Russia objects to the whole idea, no matter how we implement it — and even though the Obama plan provides no defense for North America in future years, when Iran could have a global ICBM capability. (That form of defense would also be able to intercept ICBMs launched across Europe from Russia.)

      Besides the fact that the cruiser in the Black Sea is a BMD unit, Bulgaria just agreed a couple of weeks ago to host the early warning radar we (NATO) were originally going to put in Turkey. Turkey decided to only accept the radar if the Turks were to have total control of its use and any associated BMD forces. That wasn’t acceptable to NATO, so we’ve been looking for an alternative, and Bulgaria stepped up to the plate.

      • Good post J.E. Clear and concise. This is new information for me.
        Turkeys’ turn to the East and the past is troubling.

      • Can’t help but wonder what the US response would be to a Russian cruiser taking part in a Canadian exercise in Lake Huron or even the waters off British Columbia.

        • It’s a reasonable question, cm. The US and Russia basically have two different perspectives on this kind of issue. Ours is that world seaways should be free and open for transit to all, and that that includes the Black Sea (and Baltic Sea) as well as the Mediterranean, the Gulf Mexico, the Caribbean, etc.

          We have been consistent with this posture throughout the history of our relations with Russia. The Russians do deploy warships to waters in the US “sphere” (if today much less than during the Cold War), and we track them but don’t issue diplomatic protests. There have been Russian intelligence collection ships off the US East coast and in the Gulf of Mexico in the last 10 years. In late 2008, the Russians sent a naval task force and a detachment of strategic bombers to conduct exercises with Venezuela and Cuba. If you look up the US government response, you find that we said we thought the change in posture was worth tracking, and might be of concern, but that it wasn’t militarily dangerous. And that was it: no protests, no public anger, no threats about pulling out of treaties.

          The Russians see things differently. They feel that their security depends on being able to exercise a de facto veto over what comes into the Black Sea and Baltic Sea. For us the analogous waterway would be the Gulf of Mexico. We don’t have the same history as Russia, and in this way we’re simply a different kind of people: we don’t get our knickers in a twist if Russians enter the Gulf of Mexico (we track and report, usually quite overtly), and it’s unthinkable to us that a major global sea be effectively controlled with the veto of a single power.

          We see security in having freedom of movement and action; Russia sees security in preventing it for others. It’s a good bet that if a Russian cruiser came to Vancouver and conducted a big exercise with Canada, Japan, and South Korea, but not us, we’d simply go to Yokosuka and conduct the bigger exercise, with Japan, South Korea, Vietnam, Australia, Thailand, Singapore, and the Philippines, that we’d been planning for the last 18 months. That’s the “response” that resonates with our national personality. Russia only makes that kind of response rarely and with great effort, because it’s not a natural desire on Russia’s part.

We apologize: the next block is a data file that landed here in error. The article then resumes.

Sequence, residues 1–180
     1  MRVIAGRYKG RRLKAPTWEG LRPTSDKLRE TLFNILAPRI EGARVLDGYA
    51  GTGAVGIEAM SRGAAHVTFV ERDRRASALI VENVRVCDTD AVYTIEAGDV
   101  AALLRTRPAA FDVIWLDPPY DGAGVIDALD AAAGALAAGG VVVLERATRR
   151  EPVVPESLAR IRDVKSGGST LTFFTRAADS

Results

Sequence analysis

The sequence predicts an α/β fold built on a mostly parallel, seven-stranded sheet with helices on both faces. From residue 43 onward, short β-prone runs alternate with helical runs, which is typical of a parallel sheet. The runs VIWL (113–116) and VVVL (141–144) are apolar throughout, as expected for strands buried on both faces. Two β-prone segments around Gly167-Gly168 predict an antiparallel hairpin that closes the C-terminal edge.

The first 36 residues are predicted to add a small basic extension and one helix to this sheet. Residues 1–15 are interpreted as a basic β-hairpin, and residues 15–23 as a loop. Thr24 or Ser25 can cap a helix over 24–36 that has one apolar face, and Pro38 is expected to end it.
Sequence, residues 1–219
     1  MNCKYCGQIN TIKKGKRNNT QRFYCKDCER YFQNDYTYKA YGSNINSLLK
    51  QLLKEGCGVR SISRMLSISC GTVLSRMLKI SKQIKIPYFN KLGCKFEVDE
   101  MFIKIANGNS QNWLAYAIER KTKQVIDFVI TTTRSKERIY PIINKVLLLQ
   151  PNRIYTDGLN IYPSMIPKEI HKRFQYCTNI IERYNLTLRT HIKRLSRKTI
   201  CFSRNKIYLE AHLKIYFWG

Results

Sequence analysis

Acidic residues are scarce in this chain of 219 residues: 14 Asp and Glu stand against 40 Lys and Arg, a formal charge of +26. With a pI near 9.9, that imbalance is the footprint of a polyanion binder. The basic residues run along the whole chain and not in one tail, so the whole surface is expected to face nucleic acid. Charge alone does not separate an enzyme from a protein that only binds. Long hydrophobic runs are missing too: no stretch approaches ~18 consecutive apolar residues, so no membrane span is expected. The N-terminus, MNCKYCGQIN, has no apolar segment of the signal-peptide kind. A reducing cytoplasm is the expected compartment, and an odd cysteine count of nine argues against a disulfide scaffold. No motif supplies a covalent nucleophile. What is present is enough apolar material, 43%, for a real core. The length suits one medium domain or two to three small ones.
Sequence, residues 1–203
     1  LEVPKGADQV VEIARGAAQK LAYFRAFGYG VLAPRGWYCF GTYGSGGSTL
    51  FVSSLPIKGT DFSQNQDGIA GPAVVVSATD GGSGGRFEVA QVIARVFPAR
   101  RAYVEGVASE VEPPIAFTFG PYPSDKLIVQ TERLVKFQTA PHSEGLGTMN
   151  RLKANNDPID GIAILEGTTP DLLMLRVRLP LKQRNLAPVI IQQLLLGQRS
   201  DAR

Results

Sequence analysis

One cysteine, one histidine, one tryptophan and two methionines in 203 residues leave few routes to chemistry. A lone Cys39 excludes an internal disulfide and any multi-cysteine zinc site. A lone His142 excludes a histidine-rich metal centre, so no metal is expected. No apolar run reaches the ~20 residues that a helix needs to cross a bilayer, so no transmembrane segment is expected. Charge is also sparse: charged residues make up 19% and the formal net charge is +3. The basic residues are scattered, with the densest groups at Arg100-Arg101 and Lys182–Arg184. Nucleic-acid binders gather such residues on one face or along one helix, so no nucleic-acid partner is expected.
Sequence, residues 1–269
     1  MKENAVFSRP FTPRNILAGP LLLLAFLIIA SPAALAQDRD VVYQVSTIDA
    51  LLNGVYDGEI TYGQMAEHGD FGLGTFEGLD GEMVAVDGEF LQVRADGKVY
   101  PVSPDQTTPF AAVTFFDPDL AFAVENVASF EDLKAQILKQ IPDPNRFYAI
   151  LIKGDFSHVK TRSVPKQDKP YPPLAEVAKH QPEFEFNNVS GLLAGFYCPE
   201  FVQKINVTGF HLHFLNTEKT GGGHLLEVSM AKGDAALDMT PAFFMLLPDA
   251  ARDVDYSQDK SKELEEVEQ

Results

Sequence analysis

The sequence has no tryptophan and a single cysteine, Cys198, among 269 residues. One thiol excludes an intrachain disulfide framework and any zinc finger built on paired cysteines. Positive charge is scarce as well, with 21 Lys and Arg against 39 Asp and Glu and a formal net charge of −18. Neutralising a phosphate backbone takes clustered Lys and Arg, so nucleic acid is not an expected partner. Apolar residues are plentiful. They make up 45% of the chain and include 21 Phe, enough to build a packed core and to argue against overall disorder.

5. I’m still smarting from that whole deal when Obama (and our Senate) capitulated to the Ruskies. And then there was that whole planeload of Poles mysteriously going down. I never bought that. Megatron remembers.

  6. That Putin is one weird cat, Megatron. WSJ has a good piece today on Mikhail Khodorkovsky, the oil executive Putin managed to have imprisoned in 2003 because of his support for liberal opposition groups and independent media:

    http://online.wsj.com/article/SB10001424052702303714704576381622448971618.html?mod=googlenews_wsj

    Russia. Plus ca change, etc.

  7. Regarding the update: I remember Stalin’s words when Operation Barbarossa began: “Did we really deserve this.” Or something like that.

    Will history repeat since Islam is essentially fascism?

    And Barry Rubin’s comment regarding Saudi Arabia joining an alliance against revolutionary Islamism: What? Who the heck is funding revolutionary Islamism in our colleges and in mosques?

    One last word: I have two wonderful friends that immigrated to the United States when Czechoslovakia was still communist and one said with regard to the lost Polish plane: “They know how to do these things.” Other things they say: “Oh my, America just doesn’t know.” They arrived here, broke, without a job, and in four years had bought a house. He is a maintenance man; she a housekeeper. Nothing fancy, just hard work and invest in the future.

    For Obama they have nothing but disgust and fear.

    • —-“Will history repeat since Islam is essentially fascism?”—-

      interesting thought. is there meaning to it? how is Islam fascism?

      • In a word, YES – Islam IS fascistic; hence the dreaded word, “Islamofascism” – which is understood on the Right, but not, of course, on the Left.

        Sadly, I see that fuster, who makes the least important, interesting or informative contributions to this site (esp. with OptiCon’s superior intelligence knowledge, wisdom and experience), is still around. I thought that scab had healed long ago, but I guess he still gets off on being tedious and too smart-alecky by half…

  8. I’ve heard the same about Obama from every immigrant I’ve encountered or listened to or read from a communist or former-communist country. They all pegged him early on as an authoritarian collectivist, and warned that he would be like the dictators in the countries they came from.

    Certainly puts in perspective the similarities between the political patter of the Western left and the propaganda themes of Marxist authoritarians.